Weekly Featured Essay

In this week’s featured essay, Christina Wells remembers her much-loved grandmother, an feminist iconoclast who served as a mentor and inspiration.


by Christina M. Wells

The small piece of paper had a name, address, and phone number written in a hand I didn’t recognize. “Betty Friedan,” it read. I wondered if Friedan had scrawled this in a meeting somewhere, maybe in the living room down the hall. “Betty Friedan sat on my divan,” my grandmother, Juanita Dadisman Sandford, had said so many times. I could see her in the kitchen, gesturing with her arms as she mentioned The Feminine Mystique’s author. But now my cousin was down the hall, packing up the dishes for the estate sale.

“Hey, we could call her,” my wife Jen said, looking at the slip of paper. “Maybe she’d like to know.”

“Unfortunately, I am pretty sure she is also dead.”



Chapatis and Change

by Sean Talbot

Days float through Udaipur, Rajasthan, like beggars indifferent to distinction. The warm January sun shimmers on Lake Pichola, reflects the region’s august history in its murky water. There are three clouds in the sky, more than in the week since I arrived.

Across the street from Café Edelweiss, where I am eating dessert before breakfast, a blind local man stands on a speed bump, white cane in hand. Dark skin and cataracts, thick mustache, carefully combed hair. A rusty sign hangs from his neck. A message in Hindi is painted in beautiful script. What I presume to be the same message in English is written in a sloppy hand, blue text on white:

       My Eyes Opration.

       Please Help Me.

 He holds a receipt book in his left hand, a written record of those who have not ignored him. It is open to the first page. He wears a five o’ clock shadow, and leather cross-trainers, dirt-ridden and worn like the oily hands of the motorcycle mechanic who works in the open air nearby.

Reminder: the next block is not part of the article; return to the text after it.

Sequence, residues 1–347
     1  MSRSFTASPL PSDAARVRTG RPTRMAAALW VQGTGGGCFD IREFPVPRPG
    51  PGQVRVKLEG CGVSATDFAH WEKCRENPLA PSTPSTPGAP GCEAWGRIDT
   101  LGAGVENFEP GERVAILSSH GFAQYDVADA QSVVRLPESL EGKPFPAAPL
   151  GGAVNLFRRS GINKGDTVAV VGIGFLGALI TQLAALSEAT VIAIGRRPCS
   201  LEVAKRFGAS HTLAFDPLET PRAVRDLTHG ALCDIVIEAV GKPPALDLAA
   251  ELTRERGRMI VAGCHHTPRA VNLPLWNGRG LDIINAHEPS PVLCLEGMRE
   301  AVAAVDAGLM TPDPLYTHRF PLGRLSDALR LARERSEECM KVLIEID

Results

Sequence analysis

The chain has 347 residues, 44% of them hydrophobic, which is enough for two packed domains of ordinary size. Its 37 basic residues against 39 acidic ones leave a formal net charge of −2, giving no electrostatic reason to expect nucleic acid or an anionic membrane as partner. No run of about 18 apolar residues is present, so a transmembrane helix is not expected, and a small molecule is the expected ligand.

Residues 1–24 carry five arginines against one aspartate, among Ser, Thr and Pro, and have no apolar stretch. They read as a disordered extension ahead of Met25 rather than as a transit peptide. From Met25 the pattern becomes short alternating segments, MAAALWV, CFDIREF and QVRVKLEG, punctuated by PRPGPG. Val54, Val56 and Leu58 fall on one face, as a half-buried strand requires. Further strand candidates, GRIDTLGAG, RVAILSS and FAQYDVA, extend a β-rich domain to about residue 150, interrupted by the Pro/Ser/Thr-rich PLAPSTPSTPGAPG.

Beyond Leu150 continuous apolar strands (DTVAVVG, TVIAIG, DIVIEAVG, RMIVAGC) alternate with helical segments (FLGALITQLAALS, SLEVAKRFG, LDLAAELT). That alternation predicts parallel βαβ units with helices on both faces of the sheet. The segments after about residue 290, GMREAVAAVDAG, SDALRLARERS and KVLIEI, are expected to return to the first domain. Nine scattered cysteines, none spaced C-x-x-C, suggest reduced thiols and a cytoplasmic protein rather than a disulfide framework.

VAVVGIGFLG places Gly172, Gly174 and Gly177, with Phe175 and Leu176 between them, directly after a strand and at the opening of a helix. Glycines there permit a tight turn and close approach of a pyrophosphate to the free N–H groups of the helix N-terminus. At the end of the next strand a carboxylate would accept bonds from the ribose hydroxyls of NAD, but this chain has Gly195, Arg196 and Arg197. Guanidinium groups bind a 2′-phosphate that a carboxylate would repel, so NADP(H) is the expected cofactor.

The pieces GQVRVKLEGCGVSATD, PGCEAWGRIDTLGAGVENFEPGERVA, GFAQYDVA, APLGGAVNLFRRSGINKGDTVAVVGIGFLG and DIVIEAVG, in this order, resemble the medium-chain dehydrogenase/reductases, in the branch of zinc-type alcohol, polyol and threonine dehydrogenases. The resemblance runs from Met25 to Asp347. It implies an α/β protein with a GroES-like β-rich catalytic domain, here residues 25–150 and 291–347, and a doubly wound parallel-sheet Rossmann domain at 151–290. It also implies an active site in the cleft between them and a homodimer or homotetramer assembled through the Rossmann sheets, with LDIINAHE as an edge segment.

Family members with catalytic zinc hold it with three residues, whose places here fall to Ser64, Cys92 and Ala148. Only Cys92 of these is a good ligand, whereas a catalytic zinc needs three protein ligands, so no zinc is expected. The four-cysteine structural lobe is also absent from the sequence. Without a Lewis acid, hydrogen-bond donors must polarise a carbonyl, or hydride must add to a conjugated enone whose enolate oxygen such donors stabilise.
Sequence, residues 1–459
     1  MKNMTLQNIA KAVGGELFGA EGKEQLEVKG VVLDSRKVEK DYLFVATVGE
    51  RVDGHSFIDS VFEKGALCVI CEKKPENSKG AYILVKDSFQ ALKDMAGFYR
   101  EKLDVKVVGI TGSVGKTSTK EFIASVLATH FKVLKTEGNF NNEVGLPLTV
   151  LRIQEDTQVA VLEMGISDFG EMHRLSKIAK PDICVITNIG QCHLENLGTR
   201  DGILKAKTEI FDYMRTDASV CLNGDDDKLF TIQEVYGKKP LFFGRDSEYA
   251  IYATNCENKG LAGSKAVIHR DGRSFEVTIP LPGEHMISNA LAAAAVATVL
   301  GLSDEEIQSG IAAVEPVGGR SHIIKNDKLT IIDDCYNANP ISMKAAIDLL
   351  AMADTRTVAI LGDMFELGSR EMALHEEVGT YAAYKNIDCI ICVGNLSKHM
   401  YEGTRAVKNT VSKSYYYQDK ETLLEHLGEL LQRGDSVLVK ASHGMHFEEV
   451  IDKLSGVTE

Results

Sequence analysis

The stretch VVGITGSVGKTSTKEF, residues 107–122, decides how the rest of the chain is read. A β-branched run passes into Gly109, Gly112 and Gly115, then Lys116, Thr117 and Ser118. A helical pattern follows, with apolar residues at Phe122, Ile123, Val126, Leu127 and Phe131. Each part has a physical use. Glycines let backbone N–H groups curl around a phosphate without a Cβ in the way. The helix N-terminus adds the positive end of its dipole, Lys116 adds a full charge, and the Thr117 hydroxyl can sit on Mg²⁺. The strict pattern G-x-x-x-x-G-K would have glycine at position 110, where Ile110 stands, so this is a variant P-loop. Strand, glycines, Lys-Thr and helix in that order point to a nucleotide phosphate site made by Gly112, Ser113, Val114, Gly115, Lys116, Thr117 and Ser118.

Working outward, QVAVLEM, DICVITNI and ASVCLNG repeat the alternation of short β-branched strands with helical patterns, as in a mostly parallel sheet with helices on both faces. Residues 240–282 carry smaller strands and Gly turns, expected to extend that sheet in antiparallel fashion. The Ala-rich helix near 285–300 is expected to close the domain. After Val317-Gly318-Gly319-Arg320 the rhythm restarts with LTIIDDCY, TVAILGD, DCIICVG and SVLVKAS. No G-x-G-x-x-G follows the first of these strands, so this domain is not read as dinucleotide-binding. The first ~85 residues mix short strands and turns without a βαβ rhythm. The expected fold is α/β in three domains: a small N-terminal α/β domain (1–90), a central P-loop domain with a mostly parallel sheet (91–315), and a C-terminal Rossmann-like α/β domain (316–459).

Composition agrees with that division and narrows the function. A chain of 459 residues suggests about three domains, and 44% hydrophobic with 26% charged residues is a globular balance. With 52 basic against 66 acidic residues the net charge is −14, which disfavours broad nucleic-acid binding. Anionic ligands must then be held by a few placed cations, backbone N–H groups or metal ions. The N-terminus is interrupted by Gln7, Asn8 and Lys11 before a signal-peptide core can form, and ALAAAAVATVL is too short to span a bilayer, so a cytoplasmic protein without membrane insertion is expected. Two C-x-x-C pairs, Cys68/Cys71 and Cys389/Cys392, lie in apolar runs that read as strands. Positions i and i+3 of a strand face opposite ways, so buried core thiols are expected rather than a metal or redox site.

The Shoulder of Orion

by K.C. Frederick

I saw two planes collide over Detroit when I was a kid. I was in our back yard, where my father had covered a patch of dirt with concrete and installed a swing set. It was next to a lilac bush and, in my memory, the lilacs were in bloom. In most of my memories of the back yard, the lilacs are in bloom. I once buried my coin collection near the lilacs: there were Indian-head pennies, flying eagle pennies, even a large cent, bigger than a silver dollar, from 1818. I started collecting coins from the piles of change that showed up each night on our kitchen table, my father’s leavings of the day’s play in the numbers.

The coins were in a tin box that may have held tobacco once. Some of the coins I bought from dealers, and I think the hoard may have been worth a bit of money after a while, but all my later efforts to dig it up proved fruitless. Did the stuff just disappear?


Continental Divide

by Priscilla Mainardi

Sasha, my daughter, sits next to me in the car, dressed all in black. Navy blue is the brightest color she ever wears, but beneath the dark clothes she’s all sunniness. We’re driving across New Mexico. The weather has finally warmed after the chill of Illinois and Missouri, and winter sun heats the car through the windows. The road is long and straight with nothing but empty fields of winter-brown grass on each side, dotted with dark shrubs. We have three more days together in the car before we reach Riverside, where Sasha is moving with her boyfriend Ty.

We pass faded billboards and abandoned ranches, climb some hills and descend the other side. A small sign tells us we just crossed the Continental Divide. “I always thought that would be a bigger deal,” Sasha says when we stop for lunch an hour later.


What Doesn’t Kill You

by Helen Coats

On June 16, 1944, a pack of cigarettes saved my life.